If you’re a Leica cultist, then you’re probably smitten with their Apochromatic lenses and hoped that maybe a new 28mm f2 Summicron-APO was being announced today. I’m sorry to let you down; there’s still something cool though! Instead, the Leica 35mm f1.4 Summilux-M is being updated. No, it’s not an FLE variant; instead, it’s an update adding in a few things that you didn’t know you needed.
The new changes on this variant aren’t all that huge on paper, but are massive in the hand–and not literally. According to our Leica reps, the new Leica 35mm f1.4 Summilux has:
- Closer focusing up to 40 cm (15.7 inches)
- Features 11 aperture blades
- An integrated pull-out round lens hood
If you’re a Leica photographer, then you understand how these are some deluxe changes. But if you’re not a Leica user, let me open your eyes.
Why is This Important?
Rangefinder lenses traditionally could never focus closer than three feet. But this new lens has a rework to make it focus as close as just a little over a foot away. Some of you might not think that that’s a big deal, but it surely is when you consider how close the back element is getting to the sensor/film plane. Seriously, this is a feat of engineering also because the rangefinder viewfinder will only let you focus so closely. So after a while, you’re going to need to switch to either the Visioflex EVF or use the LCD screen.
With more of Leica’s lenses starting to focus even closer, I really start to wonder if the next M camera will have an integrated EVF. And if it doesn’t, then I hope that they have a brand new high-resolution LCD screen.
Of course, I don’t see people buying the Leica 35mm f1.4 Summilux for close focus photos exclusively, this is a lens for candid street photography.
If you think about 11 aperture blades, you’re probably thinking mostly about the Sony G Master series of lenses. And if you’re newer to photography, you probably thought that was revolutionary. But the honest truth is that that’s not the case. Zeiss Biotar lenses for years had somewhere around 17 aperture blades depending on the lens copy that you got. Leica lenses have always had a lot of aperture blades and so their bokeh has always been very creamy. With this new Leica 35mm f1.4 having 11 aperture blades, the bokeh will be that much more silken. Combine this with the beauty that Leica’s sensors have and you’re in for photos that will tug at your heart like a butter croissant with extra butter. We’re pretty sure this thing will be gorgeous on the Leica M11.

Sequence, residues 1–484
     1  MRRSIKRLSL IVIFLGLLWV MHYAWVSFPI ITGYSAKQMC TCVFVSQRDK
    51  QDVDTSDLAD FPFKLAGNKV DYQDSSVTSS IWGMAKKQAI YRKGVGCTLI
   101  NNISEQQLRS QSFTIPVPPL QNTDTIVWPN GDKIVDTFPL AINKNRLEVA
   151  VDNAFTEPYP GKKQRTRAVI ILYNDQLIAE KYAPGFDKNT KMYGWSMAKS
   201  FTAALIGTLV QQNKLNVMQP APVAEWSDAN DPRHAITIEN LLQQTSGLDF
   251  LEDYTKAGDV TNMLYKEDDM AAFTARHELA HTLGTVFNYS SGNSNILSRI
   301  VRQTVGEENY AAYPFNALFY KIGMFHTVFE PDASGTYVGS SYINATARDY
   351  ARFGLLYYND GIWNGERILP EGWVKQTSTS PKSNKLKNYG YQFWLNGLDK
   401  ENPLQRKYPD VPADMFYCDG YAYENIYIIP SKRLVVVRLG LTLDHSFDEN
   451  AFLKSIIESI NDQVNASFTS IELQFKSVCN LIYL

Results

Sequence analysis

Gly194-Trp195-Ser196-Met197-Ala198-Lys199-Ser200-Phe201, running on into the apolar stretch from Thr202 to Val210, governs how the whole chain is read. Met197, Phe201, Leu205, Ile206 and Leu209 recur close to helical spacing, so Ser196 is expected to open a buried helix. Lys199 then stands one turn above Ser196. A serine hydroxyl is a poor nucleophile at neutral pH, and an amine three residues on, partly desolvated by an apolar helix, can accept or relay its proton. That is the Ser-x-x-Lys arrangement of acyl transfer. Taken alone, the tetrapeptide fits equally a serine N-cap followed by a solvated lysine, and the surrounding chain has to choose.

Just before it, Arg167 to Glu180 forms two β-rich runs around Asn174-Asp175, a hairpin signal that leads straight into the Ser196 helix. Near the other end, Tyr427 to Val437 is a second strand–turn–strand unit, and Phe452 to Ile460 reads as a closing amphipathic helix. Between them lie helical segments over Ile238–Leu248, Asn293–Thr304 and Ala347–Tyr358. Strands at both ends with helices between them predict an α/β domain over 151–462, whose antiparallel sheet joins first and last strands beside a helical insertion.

Those 11 aperture blades mean that you’ll get some beautiful portraits. And in the streets, you’ll also get some wonderful candid shots with your subjects in focus and little to nothing more. Of course, not having a big ass lens hood also helps to ensure that the viewfinder window doesn’t get blocked.
Oh right! Then there’s the collapsible lens hood. If you shot with the previous variant, then you’ll know how large that lens got when you put the hood on. Instead, you’d often opt for a lens filter into to protect the front element. This just makes marrying the lens to your camera that much more tempting.
At this point, we also recommend you check out our guide to Leica M-mount lenses, as we’ve reviewed every lens they have.
The Leica 35mm f1.4 Summilux M Could’ve Gone Further
All these new changes to the Leica 35mm f1.4 Summilux-M are quite welcome. But I also wonder why Leica hasn’t gone even further. The company always says that their products are very weather resistant and that the tolerances are built for that. However, they don’t have rubber gaskets like the SL system does. Leica’s engineers and VPs have often said that if they do that, then they’d need to update all their lenses. But I think that nonsense; if we all thought that way, then the Leica M5 would’ve never been made.
The most recent great example of this is with Fujifilm: who created a 33mm f1.4 R WR and left their 35mm f1.4 R in their lineup. Everyone knew that the 35mm f1.4 R was a Sonnar design that has character, and so they bought the older lens for the character. But when you need something for performance, you reach for the 33mm lens instead.
Obviously, Leica isn’t going to copy Fujifilm as they tend to cultivate their own garden quite well. However, I sincerely feel like there’s room for more change.
The new Leica 35mm f1.4 Summilux-M will cost $5395 for the black variant and $5595 for the Silver. We’re actively working on getting a review unit.